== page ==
Here, Post 9-11
Orson Welles once said he hated watching television as much
as he hated peanuts, but he couldn't stop eating peanuts.
Watching the presidential campaign unfold it's a feeling
many of know better than we'd like to.
Disgusted by whichever candidate we distrust, exasperated
by those who speak for or believe them, it's easy to
pull back into ourselves and imagine somehow that we're
not exactly participants in all this, just bemused observers,
though of course we're not. Yes, the election is playing
out as just what it is, the big television show. In
fact the whole campaign so far has been about television.
All the issues that have dominated come from television ads
and televised responses and how each new one affects the score.
Its the ultimate "reality-based" television show.
And we love shows like that because they're all about
humiliation and shame, and we're far more interested
in seeing who the loser is, because we know the Survivor's
going to be the most ruthless and least truthful player. So
basically we stay tuned, even fixate on the contestants, because
we're dying to see who's going to get nailed next.
Bad of course but true, and it's only starting in earnest
for this election cycle.
Three years ago one perfect September morning, our world shifted
hard. And even as, with time, we come to understand better
the changed reality we share, there's much that's
hard to see, even for those of us whose lives weren't
personally ripped open by the events of 9-11. Here in our
part of God's country we've been luckier than
in some places. We feel safer and we are safer than
many Americans; it's something we're grateful
for and the relative safety of our homes and our region isn't
lost on most of us. But apart from the financial insecurity
over these years that's reflected in the savings some
of us have and how they haven't grown, we've been
pretty insulated. Yes, we see changes, the weakness in the
broader economy, the rise in real estate values and the problems
that's caused for people seeking new and affordable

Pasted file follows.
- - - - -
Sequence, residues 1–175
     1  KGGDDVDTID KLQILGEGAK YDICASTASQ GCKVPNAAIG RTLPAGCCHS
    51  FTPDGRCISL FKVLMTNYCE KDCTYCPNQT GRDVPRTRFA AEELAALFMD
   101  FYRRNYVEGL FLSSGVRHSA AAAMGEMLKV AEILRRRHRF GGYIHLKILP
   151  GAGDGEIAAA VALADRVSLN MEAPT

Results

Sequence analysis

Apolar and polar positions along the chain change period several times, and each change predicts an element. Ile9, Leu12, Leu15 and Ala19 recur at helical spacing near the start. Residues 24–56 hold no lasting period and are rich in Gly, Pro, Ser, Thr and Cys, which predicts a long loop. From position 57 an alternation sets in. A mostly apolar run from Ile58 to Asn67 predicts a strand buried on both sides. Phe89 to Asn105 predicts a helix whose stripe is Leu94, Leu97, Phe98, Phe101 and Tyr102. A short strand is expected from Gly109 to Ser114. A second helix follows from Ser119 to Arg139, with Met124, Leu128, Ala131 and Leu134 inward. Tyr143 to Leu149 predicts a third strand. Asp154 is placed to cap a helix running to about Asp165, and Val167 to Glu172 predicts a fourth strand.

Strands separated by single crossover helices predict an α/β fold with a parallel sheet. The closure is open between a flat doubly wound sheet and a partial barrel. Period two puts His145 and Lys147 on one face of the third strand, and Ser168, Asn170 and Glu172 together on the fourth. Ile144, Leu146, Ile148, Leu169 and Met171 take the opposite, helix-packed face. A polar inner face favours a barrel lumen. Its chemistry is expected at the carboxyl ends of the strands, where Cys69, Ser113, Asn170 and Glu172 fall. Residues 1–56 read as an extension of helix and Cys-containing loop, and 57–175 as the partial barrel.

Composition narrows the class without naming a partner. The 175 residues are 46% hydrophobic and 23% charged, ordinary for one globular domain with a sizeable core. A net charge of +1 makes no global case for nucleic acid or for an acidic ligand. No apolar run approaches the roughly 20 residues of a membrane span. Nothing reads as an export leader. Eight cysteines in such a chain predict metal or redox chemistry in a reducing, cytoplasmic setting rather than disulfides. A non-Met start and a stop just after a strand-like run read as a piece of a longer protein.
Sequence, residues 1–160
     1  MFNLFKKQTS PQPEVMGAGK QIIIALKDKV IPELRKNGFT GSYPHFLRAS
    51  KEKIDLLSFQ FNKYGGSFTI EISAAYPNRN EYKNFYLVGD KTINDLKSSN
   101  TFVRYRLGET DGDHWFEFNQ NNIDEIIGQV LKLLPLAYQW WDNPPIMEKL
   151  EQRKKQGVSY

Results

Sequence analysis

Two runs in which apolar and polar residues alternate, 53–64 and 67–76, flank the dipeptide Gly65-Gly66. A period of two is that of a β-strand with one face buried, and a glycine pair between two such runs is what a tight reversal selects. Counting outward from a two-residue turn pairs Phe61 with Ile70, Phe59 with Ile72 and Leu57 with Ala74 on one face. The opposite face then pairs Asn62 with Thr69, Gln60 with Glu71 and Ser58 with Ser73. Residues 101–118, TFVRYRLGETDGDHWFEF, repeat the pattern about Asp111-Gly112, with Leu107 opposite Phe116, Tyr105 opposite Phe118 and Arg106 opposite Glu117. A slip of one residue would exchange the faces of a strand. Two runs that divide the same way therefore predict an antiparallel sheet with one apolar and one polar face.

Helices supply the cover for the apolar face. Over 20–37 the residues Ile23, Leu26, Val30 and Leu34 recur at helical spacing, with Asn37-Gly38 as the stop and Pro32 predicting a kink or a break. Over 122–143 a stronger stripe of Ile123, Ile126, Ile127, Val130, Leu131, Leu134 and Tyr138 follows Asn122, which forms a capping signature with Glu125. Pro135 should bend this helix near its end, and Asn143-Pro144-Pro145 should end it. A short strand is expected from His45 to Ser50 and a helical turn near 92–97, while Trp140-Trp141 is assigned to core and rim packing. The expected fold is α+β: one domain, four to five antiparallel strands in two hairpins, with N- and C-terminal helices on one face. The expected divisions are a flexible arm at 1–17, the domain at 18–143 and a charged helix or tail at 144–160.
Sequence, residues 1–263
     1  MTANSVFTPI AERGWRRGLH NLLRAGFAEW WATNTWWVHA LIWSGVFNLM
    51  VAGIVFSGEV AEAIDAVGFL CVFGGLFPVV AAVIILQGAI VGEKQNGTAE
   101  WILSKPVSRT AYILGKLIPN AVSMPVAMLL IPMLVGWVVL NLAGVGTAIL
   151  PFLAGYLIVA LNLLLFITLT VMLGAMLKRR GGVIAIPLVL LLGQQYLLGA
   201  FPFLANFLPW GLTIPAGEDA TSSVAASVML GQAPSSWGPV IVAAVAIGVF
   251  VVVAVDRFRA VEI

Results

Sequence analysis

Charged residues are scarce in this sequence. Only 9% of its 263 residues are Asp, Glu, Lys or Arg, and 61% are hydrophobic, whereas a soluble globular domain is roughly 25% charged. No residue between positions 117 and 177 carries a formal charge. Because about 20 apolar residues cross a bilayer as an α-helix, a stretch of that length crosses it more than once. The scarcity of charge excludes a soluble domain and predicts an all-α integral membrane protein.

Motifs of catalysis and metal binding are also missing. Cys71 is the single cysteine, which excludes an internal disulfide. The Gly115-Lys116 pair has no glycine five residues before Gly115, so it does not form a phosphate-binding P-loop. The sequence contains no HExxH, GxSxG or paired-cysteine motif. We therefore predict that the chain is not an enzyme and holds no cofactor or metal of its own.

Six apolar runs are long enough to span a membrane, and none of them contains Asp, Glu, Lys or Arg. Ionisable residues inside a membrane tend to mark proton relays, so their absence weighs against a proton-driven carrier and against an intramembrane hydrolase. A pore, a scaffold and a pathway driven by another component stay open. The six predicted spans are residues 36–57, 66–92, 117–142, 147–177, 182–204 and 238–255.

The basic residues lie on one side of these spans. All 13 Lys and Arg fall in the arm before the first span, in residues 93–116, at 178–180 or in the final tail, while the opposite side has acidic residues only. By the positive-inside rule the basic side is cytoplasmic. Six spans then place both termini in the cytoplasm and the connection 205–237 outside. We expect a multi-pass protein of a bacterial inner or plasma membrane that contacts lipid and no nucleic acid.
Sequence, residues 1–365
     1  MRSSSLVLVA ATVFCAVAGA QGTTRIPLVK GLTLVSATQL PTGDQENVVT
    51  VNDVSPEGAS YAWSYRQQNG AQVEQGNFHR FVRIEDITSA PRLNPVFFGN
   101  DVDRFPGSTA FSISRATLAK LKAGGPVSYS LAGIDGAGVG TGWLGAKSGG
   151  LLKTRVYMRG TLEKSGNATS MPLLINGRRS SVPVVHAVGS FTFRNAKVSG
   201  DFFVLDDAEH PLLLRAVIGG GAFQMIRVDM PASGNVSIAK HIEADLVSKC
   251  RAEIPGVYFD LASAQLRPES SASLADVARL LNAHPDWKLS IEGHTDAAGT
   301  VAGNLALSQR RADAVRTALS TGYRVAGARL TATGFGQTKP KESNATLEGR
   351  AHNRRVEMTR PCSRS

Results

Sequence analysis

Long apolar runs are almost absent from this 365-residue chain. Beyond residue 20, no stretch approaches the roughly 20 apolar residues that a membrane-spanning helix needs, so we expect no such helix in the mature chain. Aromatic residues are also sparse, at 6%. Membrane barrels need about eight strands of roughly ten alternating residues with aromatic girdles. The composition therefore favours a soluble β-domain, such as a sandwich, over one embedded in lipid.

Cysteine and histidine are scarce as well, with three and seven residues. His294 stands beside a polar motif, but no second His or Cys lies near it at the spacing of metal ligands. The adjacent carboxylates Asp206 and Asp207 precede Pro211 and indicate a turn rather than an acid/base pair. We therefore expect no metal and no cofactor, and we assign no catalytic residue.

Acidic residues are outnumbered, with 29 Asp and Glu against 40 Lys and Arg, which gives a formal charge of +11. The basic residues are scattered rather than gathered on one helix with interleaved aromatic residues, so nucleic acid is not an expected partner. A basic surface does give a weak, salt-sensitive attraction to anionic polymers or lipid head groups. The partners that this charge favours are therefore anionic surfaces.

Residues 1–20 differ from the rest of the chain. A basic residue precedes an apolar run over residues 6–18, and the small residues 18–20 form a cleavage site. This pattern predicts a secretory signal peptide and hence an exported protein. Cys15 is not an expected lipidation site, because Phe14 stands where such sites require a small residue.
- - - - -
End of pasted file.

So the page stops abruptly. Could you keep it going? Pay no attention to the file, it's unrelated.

homes. We've had a road closure at the Ashokan Reservoir
that's effectively moved 1,500 people ten minutes drive
time further from civilization than they thought they lived.
It's unfortunate but it isn't likely to change.
We're not looking to minimize that problem but so far
that's been the worst of the local downside and we're
making our adjustments.
To some degree even these problems are at least partially
offset by trends that are basically positive, and that we
see in the strengths and resiliency of our communities, our
schools, our collective life, and our institutions. There's
the continuing shift, clearly accelerated by 9-11, from part-time
to full time residents. There are signs of an increasing sophistication
in the way that we track and assess the effectiveness and
the accountability of local government. Even our county legislature
is showing shows signs of responsiveness and maturity few
of us ever really expected to see anytime soon. And yes, that's
partly a reflection of a changing demographic but it's
also a reflection of the higher expectations people have now.
We think the truth, odd as it might sound, is that what's
frightening about the future for many parts of the country
are likely to play out here in ways that are basically positive,
certainly economically positive. And so we think the future,
here in our mountains, is as close to solid as it can be,
given the world we live in now as opposed to the one we lived
in just a few years ago.
Having said that though, we also have to step back and look
at the broader changes our nation's going through, because
whatever society we're building here in the Catskills,
we're Americans first. And the big shift we're
in the midst of, at least unless the national direction changes,
is the shift into The Permanent War, sometimes called The
War On Terror. We're right to be afraid of millions
of people who want to kill us. We're right to try and
protect ourselves as effectively as we can, and we'd
be negligent not to look at every means available and every
solution possible, wars included. But we also have to remember
that every solution's bought at a price and whether
we as country can afford what's being sold isn't
so clear. The permanent war is a package deal, at the heart
of the package is fear, and few things sell as well. In fact
the harder it's sold the more we're willing to
buy, and if we're afraid enough, any price is fine.
This war's even got its own home shopping network, which
you can tune in on any number of television news channels
to be properly and regularly terrorized. We're
not saying the permanent war is the end of the world, but
it's clearly one of the choices ahead, though it won't
appear on any ballot. And we're not saying the choice
is black and white, some parts of the economy will do well,
and some people will benefit. What's $4 a gallon for
heating oil, if in return, we feel safer? When we're
at war people don't fly unless they really have to,
and given our proximity New York City, the tourism and lodging
industries may do very well. But as we say, everything
comes at a price.
As teenagers, many of us read George Orwell's "1984",
a chillingly prescient novel about a country ruled by fear
and slogans and terrorized by television, its constitution
gutted and its history changed daily to serve its leaders.
He may have missed the date by 20 years, but if there ever
was a time to read it again, it's now.